ing. Two of the leading examples are provided by the method of exponential

smoothing and the Holt–Winters trend-extrapolation method.

Exponential Smoothing. A common forecasting procedure is exponential

smoothing. This depends upon taking a weighted average of past values of the

time series with the weights following a geometrically declining pattern. The

function generating the one-step-ahead forecasts can be written as

(35)

ˆ y(t + 1|t) =

(1 −θ)

1 −θL

y(t)

= (1 −θ)

_

y(t) + θy(t −1) + θ

2

y(t −2) +· · ·

_

.

8

D.S.G. POLLOCK : FORECASTING

On multiplying both sides of this equation by 1 −θL and rearranging, we get

(36) ˆ y(t + 1|t) = θˆ y(t|t −1) + (1 −θ)y(t),

which shows that the current forecast for one step ahead is a convex combina-

tion of the previous forecast and the value which actually transpired.

The method of exponential smoothing corresponds to the optimal fore-

casting procedure for the ARIMA(0, 1, 1) model (1 − L)y(t) = (1 − θL)ε(t),

which is better described as an IMA(1, 1) model. To see this, let us consider

the ARMA(1, 1) model y(t) −φy(t −1) = ε(t) −θε(t −1). This gives

(37)

ˆ y(t + 1|t) = φy(t) −θε(t)

= φy(t) −θ

(1 −φL)

1 −θL

y(t)

=

{(1 −θL)φ −(1 −φL)θ}

1 −θL

y(t)

=

(φ −θ)

1 −θL

y(t).

On setting φ = 1, which converts the ARMA(1, 1) model to an IMA(1, 1) model,

we obtain precisely the forecasting function of (35).

The Holt–Winters Method. The Holt–Winters algorithm is useful in ex-

trapolating local linear trends. The prediction h periods ahead of a series

y(t) = {y

t

, t = 0, ±1, ±2, . . .} which is made at time t is given by

(38) ˆ y

t+h|t

= ˆ α

t

+

ˆ

β

t

h,

where

(39)

ˆ α

t

= λy

t

+ (1 −λ)(ˆ α

t−1

+

ˆ

β

t−1

)

= λy

t

+ (1 −λ)ˆ y

t|t−1

is the estimate of an intercept or levels parameter formed at time t and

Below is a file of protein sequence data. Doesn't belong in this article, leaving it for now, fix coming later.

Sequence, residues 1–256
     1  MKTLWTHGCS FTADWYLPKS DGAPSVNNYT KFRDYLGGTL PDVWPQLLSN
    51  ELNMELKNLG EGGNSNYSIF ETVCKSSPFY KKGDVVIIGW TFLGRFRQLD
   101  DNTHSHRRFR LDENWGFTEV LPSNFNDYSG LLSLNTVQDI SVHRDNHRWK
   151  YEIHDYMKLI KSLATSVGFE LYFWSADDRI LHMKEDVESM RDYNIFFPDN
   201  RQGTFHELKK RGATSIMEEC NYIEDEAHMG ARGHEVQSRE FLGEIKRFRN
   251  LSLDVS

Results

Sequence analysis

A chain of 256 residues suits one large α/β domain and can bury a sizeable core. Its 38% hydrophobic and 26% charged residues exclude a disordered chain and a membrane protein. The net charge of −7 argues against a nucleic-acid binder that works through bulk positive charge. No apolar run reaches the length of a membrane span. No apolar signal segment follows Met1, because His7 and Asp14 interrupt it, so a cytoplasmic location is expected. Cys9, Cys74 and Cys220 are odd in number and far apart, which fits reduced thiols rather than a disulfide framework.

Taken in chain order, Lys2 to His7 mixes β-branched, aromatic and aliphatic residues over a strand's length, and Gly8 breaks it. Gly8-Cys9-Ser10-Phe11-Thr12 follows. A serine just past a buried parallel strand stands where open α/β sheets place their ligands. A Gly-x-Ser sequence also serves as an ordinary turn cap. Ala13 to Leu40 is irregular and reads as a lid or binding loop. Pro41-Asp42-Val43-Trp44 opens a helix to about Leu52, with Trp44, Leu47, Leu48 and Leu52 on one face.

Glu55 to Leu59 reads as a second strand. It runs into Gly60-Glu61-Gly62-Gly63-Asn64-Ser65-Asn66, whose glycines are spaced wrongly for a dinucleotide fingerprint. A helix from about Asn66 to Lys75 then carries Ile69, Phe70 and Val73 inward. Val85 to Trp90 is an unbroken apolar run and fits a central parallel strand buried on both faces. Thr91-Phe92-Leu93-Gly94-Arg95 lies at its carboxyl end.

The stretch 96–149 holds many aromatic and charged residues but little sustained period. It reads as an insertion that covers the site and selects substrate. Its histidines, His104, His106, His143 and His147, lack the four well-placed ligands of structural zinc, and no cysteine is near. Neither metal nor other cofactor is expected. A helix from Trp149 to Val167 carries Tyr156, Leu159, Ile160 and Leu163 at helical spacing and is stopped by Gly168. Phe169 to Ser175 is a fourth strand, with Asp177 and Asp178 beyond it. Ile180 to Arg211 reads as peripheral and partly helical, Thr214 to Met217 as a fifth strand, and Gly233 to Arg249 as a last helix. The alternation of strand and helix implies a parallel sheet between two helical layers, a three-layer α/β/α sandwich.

(40)

ˆ

β

t

= µ(ˆ α

t

− ˆ α

t−1

) + (1 −µ)

ˆ

β

t−1

is the estimate of the slope parameter, likewise formed at time t. The coeﬃ-

cients λ, µ ∈ (0, 1] are the smoothing parameters.

The algorithm may also be expressed in error-correction form. Let

(41) e

t

= y

t

− ˆ y

t|t−1

= y

t

− ˆ α

t−1

−

ˆ

β

t−1

9

D.S.G. POLLOCK : A SHORT COURSE OF TIME-SERIES ANALYSIS

be the error at time t arising from the prediction of y

t

on the basis of information

available at time t −1. Then the formula for the levels parameter can be given

as

(42)

ˆ α

t

= λe

t

+ ˆ y

t|t−1

= λe

t

+ ˆ α

t−1

+

ˆ

β

t−1

,

which, on rearranging, becomes

(43) ˆ α

t

− ˆ α

t−1

= λe

t

+

ˆ

β

t−1

.

When the latter is drafted into equation (40), we get an analogous expression

for the slope parameter:

(44)

ˆ

β

t

= µ(λe

t

+

ˆ

β

t−1

) + (1 −µ)

ˆ

β

t−1

= λµe

t

+

ˆ

β

t−1

.

In order reveal the underlying nature of this method, it is helpful to com-

bine the two equations (42) and (44) in a simple state-space model:

(45)

_

ˆ α(t)

ˆ

β(t)

_

=

_

1 1

0 1

_ _

ˆ α(t −1)

ˆ

β(t −1)

_

+

_

λ

λµ

_

e(t).

This can be rearranged to give

(46)

_

1 −L −L

0 1 −L

_ _

ˆ α(t)

ˆ

β(t)

_

=

_

λ

λµ

_

e(t).

The solution of the latter is

(47)

_

ˆ α(t)

ˆ

β(t)

_

=

1

(1 −L)

2

_

1 −L L

0 1 −L

_ _

λ

λµ

_

e(t).

Therefore, from (38), it follows that

(48)

ˆ y(t + 1|t) = ˆ α(t) +

ˆ

β(t)

=

(λ + λµ)e(t) + λe(t −1)

(1 −L)

2

.

This can be recognised as the forecasting function of an IMA(2, 2) model of

the form

(49) (I −L)

2

y(t) = µ

0

ε(t) + µ

1

ε(t −1) + µ

2

ε(t −2)

10

D.S.G. POLLOCK : FORECASTING

for which

(50) ˆ y(t + 1|t) =

µ

1

ε(t) + µ

2

ε(t −1)

(1 −L)

2

.

The Local Trend Model. There are various arguments which suggest that

an IMA(2, 2) model might be a natural model to adopt. The simplest of these

arguments arises from an elaboration of a second-order random walk which

adds an ordinary white-noise disturbance to the tend. The resulting model

may be expressed in two equations